(If I wanted to describe this internal discussion in political terms, then I’d say I’m trying to take a social democratic approach in a (global & national) society that is increasingly individualistic and libertarian. However, the meanings of those terms are always changing – explicitly social democrat politicians haven’t won a seat since 1984 or currently hold 43 seats in Parliament, depending upon how you want to define social democracy.)
We are shifting to a market society, which claims to be non-judgemental about values, presuming that people’s desires are entirely captured by the price that they will pay for goods or services. The usual response to this is to state that markets ignore morality either because moral questions are not priced or because treating people as market agents making free choices ignores power relationships that influence their choices. However, I think the problem with markets goes beyond simple questions of how prices are set and how markets are designed, or how people make purchase decisions.
How markets include morality is already the wrong question, but one that seems to be the one we have to answer. As mentioned in the discussion of what to do with my removed bone , property rights over bodies are complicated, but I have a deep unease over how the commodification of people’s bodies slides easily into the commodification of people’s personhood. This seems to be a topic of plenty of contention right now, with Glen Newey’s article “You have £2000, I have a kidney” summing up much of the discussion about the corrupting and immoral effects of markets on human interactions. A market for sexual services changes the value of sexual interactions – you may sleep with your lover for free or you may pay money to a prostitute, but a prostitute is not a lover. However, when you can pay a prostitute to take on the sexual role of your lover, what does that commodification do to your relationship with your lover? Equally, market transactions may be presented as voluntary, but your willingness to ‘voluntarily’ to swap your kidney for $2000 depends upon your wealth. When only poor people end up choosing to be involved in such drastic transactions, then the market results in outcomes that are unfair to say the least.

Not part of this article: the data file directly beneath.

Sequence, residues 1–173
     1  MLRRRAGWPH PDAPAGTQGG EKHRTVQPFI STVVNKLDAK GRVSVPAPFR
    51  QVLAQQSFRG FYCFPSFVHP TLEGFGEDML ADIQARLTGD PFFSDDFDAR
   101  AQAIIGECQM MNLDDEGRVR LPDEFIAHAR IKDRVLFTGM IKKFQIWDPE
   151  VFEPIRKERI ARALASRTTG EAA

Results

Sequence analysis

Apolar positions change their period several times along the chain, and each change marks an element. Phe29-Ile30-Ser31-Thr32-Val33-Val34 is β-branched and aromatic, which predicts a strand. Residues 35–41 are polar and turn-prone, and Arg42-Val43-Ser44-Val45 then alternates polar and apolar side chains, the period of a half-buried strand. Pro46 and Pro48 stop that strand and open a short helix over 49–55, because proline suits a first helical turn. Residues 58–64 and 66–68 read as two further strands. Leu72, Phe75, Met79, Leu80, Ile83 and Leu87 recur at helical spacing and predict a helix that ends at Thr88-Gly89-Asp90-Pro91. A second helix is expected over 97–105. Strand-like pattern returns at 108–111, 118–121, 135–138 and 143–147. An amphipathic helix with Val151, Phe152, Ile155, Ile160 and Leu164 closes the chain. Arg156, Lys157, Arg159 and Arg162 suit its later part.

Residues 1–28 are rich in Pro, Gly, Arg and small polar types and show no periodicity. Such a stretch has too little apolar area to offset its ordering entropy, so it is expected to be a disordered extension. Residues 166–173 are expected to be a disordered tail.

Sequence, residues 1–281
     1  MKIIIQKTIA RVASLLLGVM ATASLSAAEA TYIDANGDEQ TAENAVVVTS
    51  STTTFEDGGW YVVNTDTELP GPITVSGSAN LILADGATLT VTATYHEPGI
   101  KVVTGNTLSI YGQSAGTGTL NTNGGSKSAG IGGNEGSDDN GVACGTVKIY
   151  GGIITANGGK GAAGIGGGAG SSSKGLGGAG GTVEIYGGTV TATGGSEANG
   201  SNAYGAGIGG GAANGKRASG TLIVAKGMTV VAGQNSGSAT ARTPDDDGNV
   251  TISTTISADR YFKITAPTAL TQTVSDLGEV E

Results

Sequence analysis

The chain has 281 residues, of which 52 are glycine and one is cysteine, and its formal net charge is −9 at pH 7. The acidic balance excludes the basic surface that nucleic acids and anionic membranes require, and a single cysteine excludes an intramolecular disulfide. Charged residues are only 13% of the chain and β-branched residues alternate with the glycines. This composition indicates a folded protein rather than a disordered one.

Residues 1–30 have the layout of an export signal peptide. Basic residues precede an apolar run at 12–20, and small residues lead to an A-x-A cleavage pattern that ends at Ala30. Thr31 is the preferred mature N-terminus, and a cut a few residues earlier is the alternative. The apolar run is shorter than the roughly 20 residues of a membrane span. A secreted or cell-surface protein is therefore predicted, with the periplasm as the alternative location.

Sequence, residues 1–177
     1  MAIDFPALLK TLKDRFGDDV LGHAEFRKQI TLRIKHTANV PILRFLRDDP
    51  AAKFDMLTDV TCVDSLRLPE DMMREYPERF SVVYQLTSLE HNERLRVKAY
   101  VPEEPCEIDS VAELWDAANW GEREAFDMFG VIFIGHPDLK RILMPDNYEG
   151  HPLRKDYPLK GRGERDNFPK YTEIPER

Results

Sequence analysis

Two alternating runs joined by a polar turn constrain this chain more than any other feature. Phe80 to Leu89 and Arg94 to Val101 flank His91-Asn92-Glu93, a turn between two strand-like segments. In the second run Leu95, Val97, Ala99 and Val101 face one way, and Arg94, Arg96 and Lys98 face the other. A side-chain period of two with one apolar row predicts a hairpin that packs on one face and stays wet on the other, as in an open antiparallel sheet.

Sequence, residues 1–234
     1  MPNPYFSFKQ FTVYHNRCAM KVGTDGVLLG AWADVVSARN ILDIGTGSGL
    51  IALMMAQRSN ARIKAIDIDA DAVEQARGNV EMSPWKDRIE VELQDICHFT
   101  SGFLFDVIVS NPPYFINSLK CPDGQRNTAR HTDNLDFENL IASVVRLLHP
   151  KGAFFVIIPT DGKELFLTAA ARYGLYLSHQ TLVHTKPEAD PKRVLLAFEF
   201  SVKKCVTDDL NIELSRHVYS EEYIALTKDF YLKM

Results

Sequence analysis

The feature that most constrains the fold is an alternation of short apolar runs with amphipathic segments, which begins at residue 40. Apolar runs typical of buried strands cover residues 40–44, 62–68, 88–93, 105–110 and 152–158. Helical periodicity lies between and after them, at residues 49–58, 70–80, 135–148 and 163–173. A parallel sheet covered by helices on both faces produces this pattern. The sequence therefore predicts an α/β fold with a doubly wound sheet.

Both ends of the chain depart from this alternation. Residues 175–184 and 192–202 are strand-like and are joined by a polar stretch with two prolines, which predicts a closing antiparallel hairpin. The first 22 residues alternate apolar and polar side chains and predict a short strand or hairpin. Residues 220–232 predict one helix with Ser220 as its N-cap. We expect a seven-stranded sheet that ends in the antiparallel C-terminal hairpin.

To my mind, the problem is one of blatant special pleading, of the long-term efforts of property-owners to convince the rest of society that there is no society, that property-ownership has a moral force, and that moral force should over-ride other moral concerns. Now, you’d think that reducing citizens to the status of market participants to justify and enhance existing divisions of wealth and power would be so obviously selfish that any attempts to do so would be laughed out of court. However, somehow, we’ve been convinced that such theft of our rights is in our best interests and that we’re better off as customers than as citizens.
NZ seems unusually open to this. The latest ACT coup involved no real idealogical changes, just nothing more than the purchase of an entire political party for surprisingly small amounts of money. One area where property law butts up against community ideals is in planning and development, where attempts by the Business Round Table and Law and Economics NZ to promote private property rights over environmental regulations have a theoretical underpinning in Epstein’s ideas that property law is a higher kind of law than other kinds of laws. (Jeremy Waldron’s Hamlyn lectures are the definitive response to this from a legal philosophy point of view, if you are up for a substantial read.)
This results, or aims to result, in ludicrous situations where a government that reduces a nation’s tobacco use might have to compensate tobacco companies for lost earnings. So what to do in response? The current version of the Trans-Pacific Partnership ‘trade’ agreement would be a bill of rights for investors, not for any of us. It would give foreign investors special rights that New Zealand citizens do not have, to override our sovereignty, and to hold their property rights about our human rights. It would allow foreign companies the right to demand compensation if NZ law interferes with their ‘rights’ to sell tobacco, water, or GM foods. TPP Watch doing a good job of publicising the secret sale of our rights and organising a response; Tech Liberty have been focusing on the appalling copyright and IP proposals within the TPP agreement. Please give them your support.
And if you haven’t signed the Keep Our Assets petition against selling off state property that you own, then get on with it.
*goes off and listens to Swans*
“And Nothing Is What It’s Worth”